Jason Napierski explains how you can establish a culture of connectedness in the contact centre and improve employee engagement.
“The customer is always right.”
We all know the phrase. It’s typically used to remind customers that their satisfaction with a company, product, or service offering is the company’s highest priority.
But let’s face it: Working in customer service can be hard. Between disgruntled customers, a high-pressure work environment, ambitious performance targets, and workplace distractions, it’s no surprise that contact centre turnover is notoriously high. Statistics, in fact, show agent attrition rates can be as high as 20–30% annually, which may also be a contributing factor to what often becomes subpar morale in the contact centre.
It doesn’t have to be this way.
By making employee engagement as high a priority as customer satisfaction, contact centres can establish the type of connected culture that inspires employees to stick around for the long haul. Not only that, but a positive workplace culture can also help to attract and retain new talent.
1. An office to call home
Whether agents realise it or not, the actual work environment plays an important part in establishing a cohesive workplace culture. In other words, employees have to feel like they’re working in an environment that allows them to thrive – as opposed to one that impinges on their performance.
Of course, what appeals to one employee may interfere with another’s concentration and acuity (i.e., some may prefer an open layout while others may feel better able to work in areas free of noise and distractions).
In order to strike a balance between the needs of both introverts and extroverts, Joe Ziemer, Communications Manager at investment startup Betterment, says his company features a variety of work environments. At their desks, employees can easily turn to one another and ask questions, but there are also “breakout rooms” for quiet space and “call rooms” for quiet work and calls.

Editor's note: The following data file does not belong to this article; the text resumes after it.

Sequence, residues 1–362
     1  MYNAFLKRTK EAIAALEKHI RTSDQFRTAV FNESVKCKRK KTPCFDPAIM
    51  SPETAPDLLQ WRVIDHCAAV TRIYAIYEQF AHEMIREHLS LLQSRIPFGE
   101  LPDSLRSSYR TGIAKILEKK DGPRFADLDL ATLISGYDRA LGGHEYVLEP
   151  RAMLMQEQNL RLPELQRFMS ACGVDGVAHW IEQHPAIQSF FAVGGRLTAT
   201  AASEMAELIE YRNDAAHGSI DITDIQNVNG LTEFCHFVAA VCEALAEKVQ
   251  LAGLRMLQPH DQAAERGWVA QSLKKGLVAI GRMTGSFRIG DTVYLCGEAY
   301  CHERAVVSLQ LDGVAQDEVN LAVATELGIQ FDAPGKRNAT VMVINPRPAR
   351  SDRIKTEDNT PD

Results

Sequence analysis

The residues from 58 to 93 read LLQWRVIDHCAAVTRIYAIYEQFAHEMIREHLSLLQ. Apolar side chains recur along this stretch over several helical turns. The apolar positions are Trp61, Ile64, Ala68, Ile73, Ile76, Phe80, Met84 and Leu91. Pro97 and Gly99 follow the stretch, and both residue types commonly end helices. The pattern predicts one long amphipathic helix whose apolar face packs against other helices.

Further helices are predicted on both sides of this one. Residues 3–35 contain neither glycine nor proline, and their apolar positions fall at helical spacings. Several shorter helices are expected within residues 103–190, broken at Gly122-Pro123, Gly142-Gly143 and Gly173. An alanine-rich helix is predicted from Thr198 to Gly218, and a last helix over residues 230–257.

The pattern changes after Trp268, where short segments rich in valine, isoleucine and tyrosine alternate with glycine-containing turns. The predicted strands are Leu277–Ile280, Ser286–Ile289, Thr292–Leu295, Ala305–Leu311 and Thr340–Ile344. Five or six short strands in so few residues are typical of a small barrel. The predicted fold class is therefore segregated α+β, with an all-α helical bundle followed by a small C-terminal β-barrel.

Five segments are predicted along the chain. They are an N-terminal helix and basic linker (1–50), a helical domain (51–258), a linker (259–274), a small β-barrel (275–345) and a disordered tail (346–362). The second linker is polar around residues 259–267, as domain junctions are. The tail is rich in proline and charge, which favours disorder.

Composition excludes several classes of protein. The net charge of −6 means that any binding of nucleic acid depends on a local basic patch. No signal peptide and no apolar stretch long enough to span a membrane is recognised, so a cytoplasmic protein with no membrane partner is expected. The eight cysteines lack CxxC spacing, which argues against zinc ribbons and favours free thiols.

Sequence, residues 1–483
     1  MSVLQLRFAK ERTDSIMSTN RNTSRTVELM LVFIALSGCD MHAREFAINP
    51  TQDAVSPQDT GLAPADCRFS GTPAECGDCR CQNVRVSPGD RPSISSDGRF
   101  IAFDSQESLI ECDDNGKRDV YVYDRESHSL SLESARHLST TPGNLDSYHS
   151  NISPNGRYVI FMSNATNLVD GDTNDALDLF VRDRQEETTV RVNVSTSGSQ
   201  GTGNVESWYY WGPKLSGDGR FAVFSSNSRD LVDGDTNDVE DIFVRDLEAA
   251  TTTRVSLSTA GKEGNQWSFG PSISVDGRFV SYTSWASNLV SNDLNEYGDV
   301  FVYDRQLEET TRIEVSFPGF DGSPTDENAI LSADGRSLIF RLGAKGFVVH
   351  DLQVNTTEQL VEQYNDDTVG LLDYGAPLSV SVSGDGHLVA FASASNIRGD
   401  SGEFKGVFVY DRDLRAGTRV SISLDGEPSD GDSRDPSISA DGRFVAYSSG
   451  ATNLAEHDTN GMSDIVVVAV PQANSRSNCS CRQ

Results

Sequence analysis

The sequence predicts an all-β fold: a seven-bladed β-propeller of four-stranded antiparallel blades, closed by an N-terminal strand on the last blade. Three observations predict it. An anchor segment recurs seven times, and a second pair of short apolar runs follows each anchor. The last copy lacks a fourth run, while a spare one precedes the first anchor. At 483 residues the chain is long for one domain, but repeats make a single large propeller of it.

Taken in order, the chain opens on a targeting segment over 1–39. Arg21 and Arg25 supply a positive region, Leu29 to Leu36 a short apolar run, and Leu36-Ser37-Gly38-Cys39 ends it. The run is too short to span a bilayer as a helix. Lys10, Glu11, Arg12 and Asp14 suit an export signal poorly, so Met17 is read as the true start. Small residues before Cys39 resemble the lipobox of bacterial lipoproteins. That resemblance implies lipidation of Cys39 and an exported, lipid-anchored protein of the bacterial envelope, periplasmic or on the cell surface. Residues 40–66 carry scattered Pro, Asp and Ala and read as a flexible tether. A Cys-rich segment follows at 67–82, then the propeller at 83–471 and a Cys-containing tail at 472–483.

2. Regular performance feedback
Think about it for a second: What is the single most important factor for driving employee engagement in the workplace?
Feedback on the work employees are doing. Without it, agents aren’t just in the dark about their performance, they’re also less likely to care about their work because they may feel that no one is keeping tabs on them.
Providing contact centre agents with regular performance feedback shows them that managers care about the work they’re doing and are committed to helping them reach (or even exceed) professional goals. With CallMiner’s myEureka software, for example, agents receive performance feedback in real time, which can motivate them to improve performance while the call is still ongoing.
3. What ever happened to a little fun?
“Work has to be all work and no fun,” said no one, ever.
One of the best ways to establish a culture of connectedness around the office is to take the time to just have a little fun! It doesn’t have to (and shouldn’t) be to the extent that employees are distracted enough that the actual work isn’t getting done.
But celebrating individual accomplishments or team milestones with a pizza party or company outing (karaoke, baseball game, laser tag, etc.) can be a great way to establish workplace camaraderie.
The customer service industry might be challenging at times, but that doesn’t mean that employees can’t band together to improve performance and the general mood around the office.
With thanks to Jason Napierski at CallMiner